By Michael Goldstein
By Dennis Romero
By Sarah Fenske
By Matthew Mullins
By Patrick Range McDonald
By LA Weekly
By Dennis Romero
By Simone Wilson
Illustration by Winston Smith
Shortly after Bush’s dubious ascent to office, I drove my friend Dara Schlissel to LAX. She was, as she had been threatening to do, moving to Paris. Threatening isn’t the right word. Weeks prior to her departure, even before Bush was elected, her theoretical move to the City of Lights was more something for us to discuss over coffee and cigarettes than a threat. After all, she wasn’t petulant about moving. She was considered and sober, and of course I didn’t believe her. I mean, Alec Baldwin had threatened the same thing and he’s still around; it doesn’t look like he’s skipped a beat (or a meal) in three and a half years. Nobody really leaves anymore, do they? Besides, our friendship had been growing for less than a year, a blip in the lifespan of true friendship. I didn’t want her to go. We were both underemployed and chatty — who was I going to share afternoon cigarettes and coffee with? She rolled and brewed her own. There’s just not enough of that kind of thing in this world.
I was jealous of Paris. What did it have over L.A.? I said bad things about the French and Paris. I said good things about Americans and Los Angeles. I talked about all the Parisians I had met who were the most L.A. Angelenos I knew, with their thrift-store cowboy shirts and worship of Quentin Tarantino. Dara talked about an increasingly alienating culture both here and across the country — gas guzzling, video violence, money for nothing, right-wing witch-hunts. She said it was a culture that was already fast moving toward moral bankruptcy even before the 2000 elections.
Then came Bush’s coup d’état, and while I stood across from the Federal Building in Westwood holding signs, Dara packed her bags. As I drove her to the airport, I remembered that during the height of Nixon’s hypocrisy in Vietnam, my parents sold the house in suburban New Jersey and moved us to Ireland. We came back when he was out of office. Now I wonder when my friend will return. I wish Alec Baldwin had gone instead. Following is an abridged version of an e-mail exchange in which I asked Dara about the nature of her ex-patriotism.
L.A. WEEKLY: Why France? Was it a romantic notion fueled by tales of expats past? Take me through the mindset that led you to flee.
DARA SCHLISSEL: I’m not sure I would use the word flee. I have a long history with Paris, dating back to 1987, and had spent a semester here while in college. Frequently, I would go through phases where I was just pining for this city. While I started thinking about how I could have a more international life, I was also busy having no life in L.A., working constantly and not feeling in synch with my friends, just not finding my place, I suppose. Then, I launched EXPN.com [ESPN’s extreme sports site] and immediately decided to take a quick break, to visit friends here in Paris, where I hadn’t been since 1994. I arrived and it was like coming home. I saw a simpler, freer lifestyle, less encumbered by the acquisition of things and more rich where it matters to me — culinary pleasure, socializing with friends and family, taking time to truly be where you are and experience life. That’s the personal side.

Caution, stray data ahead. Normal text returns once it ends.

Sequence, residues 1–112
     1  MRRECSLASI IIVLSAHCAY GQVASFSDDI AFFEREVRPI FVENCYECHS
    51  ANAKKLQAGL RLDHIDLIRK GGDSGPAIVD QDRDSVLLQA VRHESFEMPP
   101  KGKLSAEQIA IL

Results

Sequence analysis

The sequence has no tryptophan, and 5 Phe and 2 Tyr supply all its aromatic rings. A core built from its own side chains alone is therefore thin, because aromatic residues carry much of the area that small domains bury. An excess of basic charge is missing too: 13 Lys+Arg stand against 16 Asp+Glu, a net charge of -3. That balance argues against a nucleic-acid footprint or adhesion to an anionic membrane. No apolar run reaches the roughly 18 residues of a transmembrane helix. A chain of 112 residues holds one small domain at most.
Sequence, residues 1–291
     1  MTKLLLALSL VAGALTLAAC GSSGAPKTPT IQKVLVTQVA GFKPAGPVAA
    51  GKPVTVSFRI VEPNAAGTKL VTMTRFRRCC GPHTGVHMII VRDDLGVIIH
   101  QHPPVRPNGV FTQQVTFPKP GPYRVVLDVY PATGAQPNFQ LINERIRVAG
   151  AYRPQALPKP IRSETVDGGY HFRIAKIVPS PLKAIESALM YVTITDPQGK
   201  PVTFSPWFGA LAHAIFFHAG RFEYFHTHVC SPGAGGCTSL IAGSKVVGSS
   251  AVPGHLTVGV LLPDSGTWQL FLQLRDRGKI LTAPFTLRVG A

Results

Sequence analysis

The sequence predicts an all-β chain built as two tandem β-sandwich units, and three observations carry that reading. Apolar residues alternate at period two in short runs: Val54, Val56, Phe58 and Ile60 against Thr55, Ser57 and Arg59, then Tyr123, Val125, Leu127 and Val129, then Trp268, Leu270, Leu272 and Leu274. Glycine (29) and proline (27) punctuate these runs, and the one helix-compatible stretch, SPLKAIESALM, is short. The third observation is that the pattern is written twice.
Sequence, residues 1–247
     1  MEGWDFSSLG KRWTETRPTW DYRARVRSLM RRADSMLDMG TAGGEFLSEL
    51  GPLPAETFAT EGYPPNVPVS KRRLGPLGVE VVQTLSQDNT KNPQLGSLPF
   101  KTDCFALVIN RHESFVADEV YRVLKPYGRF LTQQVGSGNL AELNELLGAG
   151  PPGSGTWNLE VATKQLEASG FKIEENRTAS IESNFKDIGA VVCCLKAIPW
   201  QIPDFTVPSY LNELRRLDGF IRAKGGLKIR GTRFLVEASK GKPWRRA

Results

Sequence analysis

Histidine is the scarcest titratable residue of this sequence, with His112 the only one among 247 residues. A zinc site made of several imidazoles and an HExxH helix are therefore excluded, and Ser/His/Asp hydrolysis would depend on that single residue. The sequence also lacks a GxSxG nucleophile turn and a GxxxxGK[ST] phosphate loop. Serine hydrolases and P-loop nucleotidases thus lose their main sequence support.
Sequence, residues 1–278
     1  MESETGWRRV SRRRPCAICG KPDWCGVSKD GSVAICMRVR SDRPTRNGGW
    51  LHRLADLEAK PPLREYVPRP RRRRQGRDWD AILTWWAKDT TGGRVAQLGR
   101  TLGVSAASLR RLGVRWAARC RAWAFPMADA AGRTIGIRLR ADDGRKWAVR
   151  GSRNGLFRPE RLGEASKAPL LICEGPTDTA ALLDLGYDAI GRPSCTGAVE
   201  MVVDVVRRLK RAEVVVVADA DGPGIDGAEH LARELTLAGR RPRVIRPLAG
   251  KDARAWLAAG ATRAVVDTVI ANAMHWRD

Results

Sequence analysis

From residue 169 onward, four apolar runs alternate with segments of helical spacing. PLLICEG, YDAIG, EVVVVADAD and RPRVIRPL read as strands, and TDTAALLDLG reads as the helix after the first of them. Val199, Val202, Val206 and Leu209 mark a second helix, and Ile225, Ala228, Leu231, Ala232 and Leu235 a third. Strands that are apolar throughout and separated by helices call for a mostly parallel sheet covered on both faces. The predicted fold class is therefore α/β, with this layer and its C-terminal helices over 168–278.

On the sociological and political side, the whole dot-com boom had started to repulse me a little, seeing 20-year-olds drive around in Mercedes SUVs and things like that. Despite the fact that I was a beneficiary of this boom, I just felt that something wasn’t right, that people weren’t paying attention, that I wasn’t even paying enough attention, and that at some point things would come crashing down to earth. Bush’s ascension facilitated my disgust. I mean, the guy had never even traveled abroad. He didn’t even know who the world leaders were, not their names. After all the information we had about how uneducated that man is, seeing the red-and-blue map the eve of the elections was something I found hard to swallow. By the elections I was already on my way.
Tell me about the different political and cultural atmospheres.
To respond to your question on a weekend such as this, one filled with editorials and opinions and reflections and personal anecdotes about D-Day and the Liberation, I have to warn you that I’m feeling emotional. Having already shed tears twice while reading tales of a survivor’s American saviors and another of a German boy’s discovery of the GI with a gun and a smile saying, “Hi,” I may have a hard time remaining objective.
People here — the newspapers and the people with whom I speak — all feel similarly: Today’s problems and fears are significantly more complex than the issues which divided and then united the Western Hemisphere during and after World War II. France, having lived through invasion and occupation and then liberation, is, simply put, more generally anti-war than its former liberator. This is a natural extension of what happens when you’ve been through it. And as a culture, the French manner of analyzing things is rooted in (and occasionally mired in) a much more spherical, multifaceted style than the American “get to the point” style of speech. That said, the countries share a great many traits that include cultural pride and a certain degree of arrogance. Most unfortunately, ignorance, stupidity and opinions are without borders. Simultaneously, the debate in Paris over domestic politics is certainly not the same debate taking place in the countryside, so my perspective is limited.
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